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Richard David Lawrence

July 14, 1941 March 31, 2021
Richard David Lawrence
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Obituary for Richard David Lawrence

On March 31st, 2021 Richard David Lawrence took his final flight as he departed from his earthly life.

He is survived by his wife Rosangela, his former wife Roberta (now Bobbi Paschka), his son David and daughter-in-law Stacey, his daughter Kathryn and son-in-law Victor, and his granddaughter Jasmine, and by Jeffery and Reiko Reid and their children Alex and Monique.

He was born in 1941 on the fourteenth of July to Florence and Harold Lawrence in Elizabeth, New Jersey. His older sister, Gloria, was 7 at the time. They moved to Reading, Pennsylvania when he was 5yrs old. His father had a gum-ball machine business, so he always had his pockets full of gum-balls. He also enjoyed the pinball machines and the 45 rpm player machines that were all part of the vending machine business. He used to tell us about using old 45' records for target practice.

Around the age of 13 his family moved to San Fernando Valley, California. His father had a Tool and Die business there and had a philosophy for his business get the job done with good quality for a fair price in a reasonable amount of time. Something one can live by. One of the things he observed when he moved to California was the poor air quality, and how it was difficult to breathe. He decided from an early age that he wanted to help fix that problem. He graduated from San Fernando Valley High in 1959.

He attended the University of California at Berkeley for Mechanical Engineering. His time at Berkeley was interrupted by the need to return home to care for his sick father (TB), and then an army draft. He learned to fly at the flying club at Fort Sill. He knew how to type and thus was assigned to army payroll, so he never went oversees or saw a Vietnam battlefield. He drove a 1957 Chevy that he paid a few hundred dollars for.

After the army, he worked at Air Research Corp in Los Angeles where he worked on the cabin pressurization systems for the Gemini, Dinosaur (never launched), and Apollo space missions. He got lots of overtime and saved every dime so he could soon leave this position to complete his Mechanical Engineering degree at Berkeley.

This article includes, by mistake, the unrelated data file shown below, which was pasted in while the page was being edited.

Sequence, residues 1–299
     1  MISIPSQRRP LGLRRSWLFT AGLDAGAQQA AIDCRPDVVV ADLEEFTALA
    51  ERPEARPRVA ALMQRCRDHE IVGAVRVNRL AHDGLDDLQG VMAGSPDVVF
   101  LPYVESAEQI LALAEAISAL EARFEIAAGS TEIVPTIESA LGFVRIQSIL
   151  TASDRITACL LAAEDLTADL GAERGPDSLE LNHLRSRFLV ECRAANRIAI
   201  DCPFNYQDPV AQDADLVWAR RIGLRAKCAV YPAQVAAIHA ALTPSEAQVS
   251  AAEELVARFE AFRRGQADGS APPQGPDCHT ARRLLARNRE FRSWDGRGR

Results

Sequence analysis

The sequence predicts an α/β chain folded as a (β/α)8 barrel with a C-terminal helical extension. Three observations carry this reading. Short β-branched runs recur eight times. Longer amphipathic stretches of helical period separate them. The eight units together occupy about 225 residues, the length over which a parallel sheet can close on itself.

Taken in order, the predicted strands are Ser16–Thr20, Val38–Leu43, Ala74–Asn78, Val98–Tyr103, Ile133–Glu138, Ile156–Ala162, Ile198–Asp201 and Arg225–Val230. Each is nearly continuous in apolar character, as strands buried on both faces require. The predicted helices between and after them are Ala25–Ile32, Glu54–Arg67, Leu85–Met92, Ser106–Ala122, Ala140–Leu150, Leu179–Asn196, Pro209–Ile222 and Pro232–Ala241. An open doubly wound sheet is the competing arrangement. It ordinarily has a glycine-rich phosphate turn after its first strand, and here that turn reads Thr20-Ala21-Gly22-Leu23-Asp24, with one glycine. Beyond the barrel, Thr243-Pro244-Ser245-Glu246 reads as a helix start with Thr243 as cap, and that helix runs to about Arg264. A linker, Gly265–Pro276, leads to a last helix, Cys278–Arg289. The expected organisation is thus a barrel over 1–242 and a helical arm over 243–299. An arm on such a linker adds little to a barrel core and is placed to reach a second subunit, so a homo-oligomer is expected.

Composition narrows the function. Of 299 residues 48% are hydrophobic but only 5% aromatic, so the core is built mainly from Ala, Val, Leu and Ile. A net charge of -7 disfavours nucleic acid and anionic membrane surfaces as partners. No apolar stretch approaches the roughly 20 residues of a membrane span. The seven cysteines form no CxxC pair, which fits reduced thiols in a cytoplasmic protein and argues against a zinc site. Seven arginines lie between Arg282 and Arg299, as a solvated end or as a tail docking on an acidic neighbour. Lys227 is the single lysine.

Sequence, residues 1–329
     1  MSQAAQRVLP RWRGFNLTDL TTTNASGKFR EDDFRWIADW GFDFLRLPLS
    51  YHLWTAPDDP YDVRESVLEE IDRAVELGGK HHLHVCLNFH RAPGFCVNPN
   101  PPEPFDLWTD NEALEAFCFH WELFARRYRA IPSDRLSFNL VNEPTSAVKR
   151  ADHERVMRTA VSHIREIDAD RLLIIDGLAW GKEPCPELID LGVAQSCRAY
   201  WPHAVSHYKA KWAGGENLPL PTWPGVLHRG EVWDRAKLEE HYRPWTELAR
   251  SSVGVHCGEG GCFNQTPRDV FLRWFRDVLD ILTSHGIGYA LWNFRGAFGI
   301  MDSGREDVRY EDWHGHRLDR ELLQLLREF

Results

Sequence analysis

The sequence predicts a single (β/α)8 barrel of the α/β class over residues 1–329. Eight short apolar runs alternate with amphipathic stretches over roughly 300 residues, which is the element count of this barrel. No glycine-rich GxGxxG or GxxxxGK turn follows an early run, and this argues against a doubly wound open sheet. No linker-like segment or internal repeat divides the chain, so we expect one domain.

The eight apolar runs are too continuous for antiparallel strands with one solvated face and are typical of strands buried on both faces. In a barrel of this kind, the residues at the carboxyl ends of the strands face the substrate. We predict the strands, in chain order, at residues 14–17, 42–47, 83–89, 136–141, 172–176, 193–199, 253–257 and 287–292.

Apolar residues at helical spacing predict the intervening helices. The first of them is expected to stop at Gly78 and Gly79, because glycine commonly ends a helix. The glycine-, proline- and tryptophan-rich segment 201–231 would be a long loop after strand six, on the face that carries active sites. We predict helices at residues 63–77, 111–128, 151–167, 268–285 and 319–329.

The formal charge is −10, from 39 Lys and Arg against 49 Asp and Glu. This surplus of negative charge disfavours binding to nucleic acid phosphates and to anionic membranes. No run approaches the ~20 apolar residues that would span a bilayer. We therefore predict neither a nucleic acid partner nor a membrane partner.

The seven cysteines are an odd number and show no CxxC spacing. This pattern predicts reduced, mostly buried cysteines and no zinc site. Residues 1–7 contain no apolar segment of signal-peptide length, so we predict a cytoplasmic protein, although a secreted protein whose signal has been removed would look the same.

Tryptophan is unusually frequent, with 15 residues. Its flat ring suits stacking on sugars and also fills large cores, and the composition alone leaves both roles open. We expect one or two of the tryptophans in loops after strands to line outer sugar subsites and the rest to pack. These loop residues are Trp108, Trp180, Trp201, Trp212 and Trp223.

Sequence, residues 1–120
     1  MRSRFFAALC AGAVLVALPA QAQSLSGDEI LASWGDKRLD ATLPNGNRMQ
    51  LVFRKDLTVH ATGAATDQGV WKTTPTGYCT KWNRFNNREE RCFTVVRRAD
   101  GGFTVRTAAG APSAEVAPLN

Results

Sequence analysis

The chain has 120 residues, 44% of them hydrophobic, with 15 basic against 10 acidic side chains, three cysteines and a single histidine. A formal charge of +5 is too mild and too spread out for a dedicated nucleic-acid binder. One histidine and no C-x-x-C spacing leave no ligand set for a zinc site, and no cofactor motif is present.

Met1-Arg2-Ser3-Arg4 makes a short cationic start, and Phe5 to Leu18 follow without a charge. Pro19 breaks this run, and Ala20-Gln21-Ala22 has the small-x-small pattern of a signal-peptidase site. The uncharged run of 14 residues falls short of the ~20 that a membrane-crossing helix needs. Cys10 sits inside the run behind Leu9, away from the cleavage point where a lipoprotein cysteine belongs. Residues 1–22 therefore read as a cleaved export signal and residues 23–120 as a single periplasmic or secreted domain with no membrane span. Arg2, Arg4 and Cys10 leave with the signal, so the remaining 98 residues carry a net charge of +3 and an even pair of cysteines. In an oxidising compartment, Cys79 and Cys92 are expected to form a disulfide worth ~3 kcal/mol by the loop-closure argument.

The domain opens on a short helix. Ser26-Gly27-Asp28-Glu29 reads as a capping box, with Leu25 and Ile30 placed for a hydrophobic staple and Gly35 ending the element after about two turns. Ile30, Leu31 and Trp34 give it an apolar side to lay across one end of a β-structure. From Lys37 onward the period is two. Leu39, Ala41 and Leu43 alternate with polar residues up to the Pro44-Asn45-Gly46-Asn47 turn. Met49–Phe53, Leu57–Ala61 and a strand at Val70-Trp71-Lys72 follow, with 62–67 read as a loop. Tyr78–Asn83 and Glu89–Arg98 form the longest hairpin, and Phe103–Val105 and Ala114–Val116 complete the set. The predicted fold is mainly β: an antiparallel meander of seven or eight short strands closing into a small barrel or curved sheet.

He always looked forward to summers in Yosemite National Park while at Berkeley. He said it didn't matter what job you had in the valley, as long as you got to be there! And he always advised people to go in the spring so the water falls were the most spectacular... before school gets out, to avoid the crowds... but after they clear the snow and open Tioga pass.

After Berkeley, he set out to obtain his master's degree in Air Quality Engineering from the department of Environmental Engineering at Penn State University. It was at Penn State where he met Roberta (Bobbi) Schmidt. They were married in 1970 a few weeks after both completing their master's degrees.

After finishing grad school in 1970, Dick took a job working for the Bureau of Mines, then part of the US Department of Interior. Dick and Bobbi moved to Bartlesville, Oklahoma, where the summers were too hot and the winters too mild.

In 1973, a professional associate, Joe Somers, recruited Dick to the US Environmental Protection Agency National Vehicle and Fuel Emissions Laboratory in Ann Arbor, Michigan, where they fell in love with the lakes and forest and all of the vivid seasons of Michigan. In 1983 he was promoted to Division Director of the Office of Mobile Sources. During his 28 year career at the EPA he worked to protect the planet for all of us. One of his proudest contributions was drafting and working to implement the Clean Air Act. He oversaw the construction of the state of the art EPA office facility in Ann Arbor, the most energy efficient government building in the country. He consulted the country of Taiwan as they developed their own EPA, modeled after ours. Dick left EPA by helicopter to his retirement party in 2001.

"Energy Conservation is Everybody's Business."
One of his favorite activities with Bobbi was sailing the North Channel of Lake Huron. After a few years chartering boats, they partnered with their friends and colleagues Bob and Bernie Garbe to purchase an Islander 29 sailboat called Scandia and continued sailing until both couples became parents. They often met up with other EPA sailing buddies, Dick and Diane Munt and Tom and Kathleen Bains where they would enjoy anchoring at remote islands and hiking and exploring. Dick hated power boats. "What a waste of fuel when the wind was free."